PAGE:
Fortunately RTL lets as define a custom implementation of getElementError function that returns errors for failing get* and find* calls. 

Here's an example config in setupTest.js file (standard file from CRA):

import '@testing-library/jest-dom';
import { configure, prettyDOM } from '@testing-library/dom';

configure({
    getElementError: (message, container) => {
        const customMessage = [
            message,
            prettyDOM(container, null, {
                filterNode: node => node.id !== 'injected-stuff'
            })
        ].join('\n\n');

        return new Error(customMessage);
    }
});

Notice the prettyDOM usage which provides filterNode function. If that function returns false, the node will not become a part of the pretty-printed DOM. We use it to filter out pesky injected-stuff div. With such configuration in place, the test output becomes usable again:

  FAIL  src/MyComponent.test.js
  ● checking if element filter works

    Unable to find an element with the text: Random stuff that does not exist.... This could be because the text is broken up by multiple elements. In this case, you can provide a function for your text matcher to make your matcher more flexible.

    <body>
      <div>
        <div>
          Hello from MyComponent!
        </div>
      </div>
    </body>

 

IT'S NOT PERFECT

One drawback of providing custom getElementError config is that a stack trace included at the end of error will point to a line with return statement in getElementError instead of a line with failing assertion. This is not a big deal in practice because failing test message should make it pretty clear what went wrong.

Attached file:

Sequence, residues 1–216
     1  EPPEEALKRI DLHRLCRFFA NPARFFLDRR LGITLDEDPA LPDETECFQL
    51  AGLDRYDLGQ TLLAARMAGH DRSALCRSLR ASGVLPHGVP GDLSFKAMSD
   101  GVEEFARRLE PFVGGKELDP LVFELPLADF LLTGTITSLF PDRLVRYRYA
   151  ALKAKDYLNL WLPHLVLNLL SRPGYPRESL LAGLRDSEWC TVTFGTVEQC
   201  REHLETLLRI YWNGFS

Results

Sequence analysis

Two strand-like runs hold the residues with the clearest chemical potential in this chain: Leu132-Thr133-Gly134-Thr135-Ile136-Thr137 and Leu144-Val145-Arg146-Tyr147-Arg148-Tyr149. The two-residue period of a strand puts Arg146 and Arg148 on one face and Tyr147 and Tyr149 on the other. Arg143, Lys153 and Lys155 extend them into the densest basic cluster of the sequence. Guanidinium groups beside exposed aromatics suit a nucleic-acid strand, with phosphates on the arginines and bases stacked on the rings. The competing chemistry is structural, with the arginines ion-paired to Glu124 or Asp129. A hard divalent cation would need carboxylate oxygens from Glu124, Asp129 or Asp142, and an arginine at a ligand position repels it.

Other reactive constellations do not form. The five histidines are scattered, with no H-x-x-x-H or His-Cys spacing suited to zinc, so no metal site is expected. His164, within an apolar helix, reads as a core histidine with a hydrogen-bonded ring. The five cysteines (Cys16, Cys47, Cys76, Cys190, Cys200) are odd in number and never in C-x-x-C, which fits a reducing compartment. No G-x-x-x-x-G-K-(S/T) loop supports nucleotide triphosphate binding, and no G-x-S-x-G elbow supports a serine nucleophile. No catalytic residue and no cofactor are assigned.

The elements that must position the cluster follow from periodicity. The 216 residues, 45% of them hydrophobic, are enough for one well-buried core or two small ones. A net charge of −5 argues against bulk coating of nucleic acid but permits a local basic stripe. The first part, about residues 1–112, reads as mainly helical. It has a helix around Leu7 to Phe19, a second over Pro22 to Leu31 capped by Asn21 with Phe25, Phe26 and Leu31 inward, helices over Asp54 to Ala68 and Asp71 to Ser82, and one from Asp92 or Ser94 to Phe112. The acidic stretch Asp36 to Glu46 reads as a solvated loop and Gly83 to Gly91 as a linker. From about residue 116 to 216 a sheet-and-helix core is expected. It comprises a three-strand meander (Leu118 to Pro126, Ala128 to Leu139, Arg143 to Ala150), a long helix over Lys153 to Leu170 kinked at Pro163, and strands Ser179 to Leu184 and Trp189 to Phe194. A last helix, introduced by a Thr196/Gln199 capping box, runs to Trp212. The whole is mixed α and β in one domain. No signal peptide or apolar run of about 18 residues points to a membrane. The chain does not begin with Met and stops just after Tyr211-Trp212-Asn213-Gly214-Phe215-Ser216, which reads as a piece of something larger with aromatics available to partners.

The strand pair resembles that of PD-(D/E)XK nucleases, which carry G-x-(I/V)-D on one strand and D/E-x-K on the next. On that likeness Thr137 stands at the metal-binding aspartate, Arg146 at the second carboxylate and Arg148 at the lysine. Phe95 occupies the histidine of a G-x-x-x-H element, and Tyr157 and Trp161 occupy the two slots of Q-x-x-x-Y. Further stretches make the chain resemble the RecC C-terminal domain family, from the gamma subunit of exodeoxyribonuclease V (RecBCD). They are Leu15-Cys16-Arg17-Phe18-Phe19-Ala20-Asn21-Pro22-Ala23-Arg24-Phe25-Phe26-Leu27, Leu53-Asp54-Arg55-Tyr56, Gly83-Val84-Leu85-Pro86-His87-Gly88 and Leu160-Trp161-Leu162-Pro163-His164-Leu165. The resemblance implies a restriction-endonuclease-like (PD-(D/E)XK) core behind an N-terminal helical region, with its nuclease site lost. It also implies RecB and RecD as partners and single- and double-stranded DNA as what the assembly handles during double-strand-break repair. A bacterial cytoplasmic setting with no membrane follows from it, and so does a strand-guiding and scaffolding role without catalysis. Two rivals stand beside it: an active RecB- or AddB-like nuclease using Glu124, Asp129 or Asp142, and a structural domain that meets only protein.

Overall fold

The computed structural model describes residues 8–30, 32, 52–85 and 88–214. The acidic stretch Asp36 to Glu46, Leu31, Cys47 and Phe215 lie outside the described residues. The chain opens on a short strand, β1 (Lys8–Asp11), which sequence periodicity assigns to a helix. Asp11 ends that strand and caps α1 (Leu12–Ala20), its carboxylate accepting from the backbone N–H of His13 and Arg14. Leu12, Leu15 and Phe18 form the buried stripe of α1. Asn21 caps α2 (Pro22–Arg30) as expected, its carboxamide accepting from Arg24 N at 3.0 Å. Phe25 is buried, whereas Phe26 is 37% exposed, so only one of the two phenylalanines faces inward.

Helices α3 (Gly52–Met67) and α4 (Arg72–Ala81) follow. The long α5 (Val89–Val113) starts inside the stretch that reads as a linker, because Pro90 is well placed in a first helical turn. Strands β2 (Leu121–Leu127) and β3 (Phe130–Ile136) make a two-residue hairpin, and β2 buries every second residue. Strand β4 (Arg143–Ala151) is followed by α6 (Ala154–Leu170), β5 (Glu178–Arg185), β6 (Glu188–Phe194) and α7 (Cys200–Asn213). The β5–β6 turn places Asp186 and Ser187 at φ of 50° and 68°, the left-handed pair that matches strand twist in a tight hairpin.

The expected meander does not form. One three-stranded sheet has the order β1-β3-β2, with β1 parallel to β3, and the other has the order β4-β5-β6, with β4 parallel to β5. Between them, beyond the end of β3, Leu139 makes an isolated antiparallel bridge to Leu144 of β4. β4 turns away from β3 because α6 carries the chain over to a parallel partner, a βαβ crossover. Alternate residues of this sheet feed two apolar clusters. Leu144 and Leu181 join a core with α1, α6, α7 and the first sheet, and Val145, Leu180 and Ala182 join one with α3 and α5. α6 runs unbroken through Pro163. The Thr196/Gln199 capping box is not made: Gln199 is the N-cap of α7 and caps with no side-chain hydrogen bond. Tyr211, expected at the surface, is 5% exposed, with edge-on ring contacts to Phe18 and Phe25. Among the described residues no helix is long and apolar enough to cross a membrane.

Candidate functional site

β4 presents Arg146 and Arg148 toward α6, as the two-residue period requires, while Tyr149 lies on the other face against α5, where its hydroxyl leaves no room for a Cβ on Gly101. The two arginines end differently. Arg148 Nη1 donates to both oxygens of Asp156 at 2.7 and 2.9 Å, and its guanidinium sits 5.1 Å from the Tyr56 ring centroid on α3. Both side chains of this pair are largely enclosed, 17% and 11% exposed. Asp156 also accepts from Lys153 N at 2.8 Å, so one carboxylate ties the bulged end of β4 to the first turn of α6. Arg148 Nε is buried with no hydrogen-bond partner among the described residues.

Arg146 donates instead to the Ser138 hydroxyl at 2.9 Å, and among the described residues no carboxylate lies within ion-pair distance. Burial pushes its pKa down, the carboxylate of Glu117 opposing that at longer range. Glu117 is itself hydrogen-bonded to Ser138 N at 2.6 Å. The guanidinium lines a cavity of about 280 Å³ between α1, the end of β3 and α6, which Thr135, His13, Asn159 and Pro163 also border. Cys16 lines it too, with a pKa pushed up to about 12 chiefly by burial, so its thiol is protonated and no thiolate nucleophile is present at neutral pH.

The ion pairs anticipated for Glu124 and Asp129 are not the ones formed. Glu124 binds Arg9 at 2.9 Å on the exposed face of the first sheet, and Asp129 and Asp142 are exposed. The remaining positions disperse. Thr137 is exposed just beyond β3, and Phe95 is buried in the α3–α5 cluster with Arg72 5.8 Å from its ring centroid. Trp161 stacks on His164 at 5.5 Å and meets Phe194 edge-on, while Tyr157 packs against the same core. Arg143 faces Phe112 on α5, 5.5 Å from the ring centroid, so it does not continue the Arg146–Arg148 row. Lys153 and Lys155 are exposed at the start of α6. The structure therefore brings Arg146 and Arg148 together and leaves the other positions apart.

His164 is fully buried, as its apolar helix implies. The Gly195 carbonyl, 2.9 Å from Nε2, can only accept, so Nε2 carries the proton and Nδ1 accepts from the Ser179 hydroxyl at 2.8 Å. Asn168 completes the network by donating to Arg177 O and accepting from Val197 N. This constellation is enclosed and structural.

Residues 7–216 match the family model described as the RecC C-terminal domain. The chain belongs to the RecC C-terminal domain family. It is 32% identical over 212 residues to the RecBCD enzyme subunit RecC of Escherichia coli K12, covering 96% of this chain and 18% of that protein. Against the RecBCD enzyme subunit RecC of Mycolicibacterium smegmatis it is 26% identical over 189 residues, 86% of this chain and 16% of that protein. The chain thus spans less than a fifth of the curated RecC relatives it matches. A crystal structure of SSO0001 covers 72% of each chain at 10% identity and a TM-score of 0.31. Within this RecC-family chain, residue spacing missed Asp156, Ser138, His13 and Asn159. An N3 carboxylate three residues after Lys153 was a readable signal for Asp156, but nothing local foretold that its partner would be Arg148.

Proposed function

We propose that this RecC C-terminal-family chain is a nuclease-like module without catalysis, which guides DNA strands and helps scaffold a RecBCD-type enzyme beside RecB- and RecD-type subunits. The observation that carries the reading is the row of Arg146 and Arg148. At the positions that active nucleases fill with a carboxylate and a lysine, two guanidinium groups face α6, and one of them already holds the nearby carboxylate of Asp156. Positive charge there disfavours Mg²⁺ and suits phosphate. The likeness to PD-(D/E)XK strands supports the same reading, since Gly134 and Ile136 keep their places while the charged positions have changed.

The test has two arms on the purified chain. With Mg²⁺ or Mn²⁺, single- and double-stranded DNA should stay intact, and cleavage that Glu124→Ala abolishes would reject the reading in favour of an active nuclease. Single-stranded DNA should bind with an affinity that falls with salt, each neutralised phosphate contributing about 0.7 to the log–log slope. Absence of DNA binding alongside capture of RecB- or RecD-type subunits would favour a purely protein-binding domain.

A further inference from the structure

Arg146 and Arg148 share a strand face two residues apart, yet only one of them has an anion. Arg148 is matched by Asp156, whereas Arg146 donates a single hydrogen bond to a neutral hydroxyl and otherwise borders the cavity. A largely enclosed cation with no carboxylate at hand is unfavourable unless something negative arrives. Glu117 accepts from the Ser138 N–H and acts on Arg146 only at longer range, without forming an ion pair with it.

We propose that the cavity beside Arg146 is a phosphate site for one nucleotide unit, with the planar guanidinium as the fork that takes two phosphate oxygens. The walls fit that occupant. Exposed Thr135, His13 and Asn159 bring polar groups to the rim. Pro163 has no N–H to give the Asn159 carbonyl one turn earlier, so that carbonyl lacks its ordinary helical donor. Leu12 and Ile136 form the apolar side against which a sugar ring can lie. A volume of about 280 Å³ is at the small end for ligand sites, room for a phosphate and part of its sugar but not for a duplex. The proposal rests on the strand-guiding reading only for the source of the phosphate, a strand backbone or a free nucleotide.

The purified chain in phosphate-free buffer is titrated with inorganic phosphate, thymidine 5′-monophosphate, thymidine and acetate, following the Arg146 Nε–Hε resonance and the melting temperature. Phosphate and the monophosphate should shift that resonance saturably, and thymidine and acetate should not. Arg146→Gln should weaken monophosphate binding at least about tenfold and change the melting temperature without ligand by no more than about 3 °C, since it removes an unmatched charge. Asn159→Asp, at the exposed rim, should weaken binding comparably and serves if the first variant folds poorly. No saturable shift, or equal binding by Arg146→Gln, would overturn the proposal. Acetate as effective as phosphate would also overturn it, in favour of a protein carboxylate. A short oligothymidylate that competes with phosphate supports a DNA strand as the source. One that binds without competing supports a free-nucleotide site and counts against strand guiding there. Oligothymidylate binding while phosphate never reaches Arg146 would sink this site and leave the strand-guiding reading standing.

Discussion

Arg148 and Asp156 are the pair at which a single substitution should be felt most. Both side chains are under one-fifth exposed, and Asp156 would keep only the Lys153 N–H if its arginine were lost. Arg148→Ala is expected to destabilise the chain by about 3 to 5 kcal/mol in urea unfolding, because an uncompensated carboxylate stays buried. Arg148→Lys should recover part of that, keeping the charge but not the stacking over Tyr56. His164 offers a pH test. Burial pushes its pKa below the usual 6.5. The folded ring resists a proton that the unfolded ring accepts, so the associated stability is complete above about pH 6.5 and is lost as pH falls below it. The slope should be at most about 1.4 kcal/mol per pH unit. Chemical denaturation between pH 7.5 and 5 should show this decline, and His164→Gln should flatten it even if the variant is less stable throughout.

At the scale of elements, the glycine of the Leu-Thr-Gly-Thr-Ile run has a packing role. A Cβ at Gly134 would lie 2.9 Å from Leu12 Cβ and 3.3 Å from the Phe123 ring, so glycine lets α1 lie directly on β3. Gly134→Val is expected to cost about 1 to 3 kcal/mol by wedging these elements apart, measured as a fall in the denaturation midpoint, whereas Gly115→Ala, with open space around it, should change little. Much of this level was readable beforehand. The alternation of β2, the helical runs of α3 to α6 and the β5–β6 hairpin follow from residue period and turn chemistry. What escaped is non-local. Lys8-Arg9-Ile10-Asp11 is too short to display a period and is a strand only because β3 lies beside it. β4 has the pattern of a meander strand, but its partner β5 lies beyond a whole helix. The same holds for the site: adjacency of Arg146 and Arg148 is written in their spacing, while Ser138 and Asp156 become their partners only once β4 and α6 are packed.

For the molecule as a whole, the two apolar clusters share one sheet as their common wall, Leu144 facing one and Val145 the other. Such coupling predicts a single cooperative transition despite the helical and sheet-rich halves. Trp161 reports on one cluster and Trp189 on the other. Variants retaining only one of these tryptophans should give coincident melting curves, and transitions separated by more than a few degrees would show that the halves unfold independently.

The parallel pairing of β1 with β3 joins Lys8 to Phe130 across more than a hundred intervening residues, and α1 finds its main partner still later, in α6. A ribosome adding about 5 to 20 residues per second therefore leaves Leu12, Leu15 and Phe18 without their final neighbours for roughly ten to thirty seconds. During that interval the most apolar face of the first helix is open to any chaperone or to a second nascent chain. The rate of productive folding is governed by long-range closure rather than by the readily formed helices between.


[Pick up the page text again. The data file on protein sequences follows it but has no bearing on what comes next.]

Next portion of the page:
The other issue is that default error reporting skips comments and scripts/styles tags and our custom implementation doesn't do it. I wanted to keep the example as simple as possible but you could put arbitrarily complex logic inside filterNode function (check out RTL source for hints).

Oh, and if you see such message:

pretty-format: Unknown option "filterNode".

make sure you are using latest @testing-library/react version. My project originally had v11.2.7 and I got this error but after updating to v12.0.0 everything went ok.

 

SAMPLE PROJECT

GitHub repo: https://github.com/morzel85/blog-post-react-testing-library-element-filter (React 17.0.2).

Run npm install followed by npm test to see how the config in setupTest.js tweaks DOM printing behavior when RTL test fails.

Suppressing legacy lifecycle method warnings in tests for chosen React components

LEGACY METHODS

In preparation for async rendering, React team decided to discourage component authors from relaying on these lifecycle methods: componentWillMountcomponentWillReceiveProps and componentWillUpdate (details).

If you need to use such methods you should prefix their names with UNSAFE_ (for example: UNSAFE_componentWillMount).

Methods without prefix might stop working in React 18.x (some docs are outdated and still say that the drop will happen in version 17)...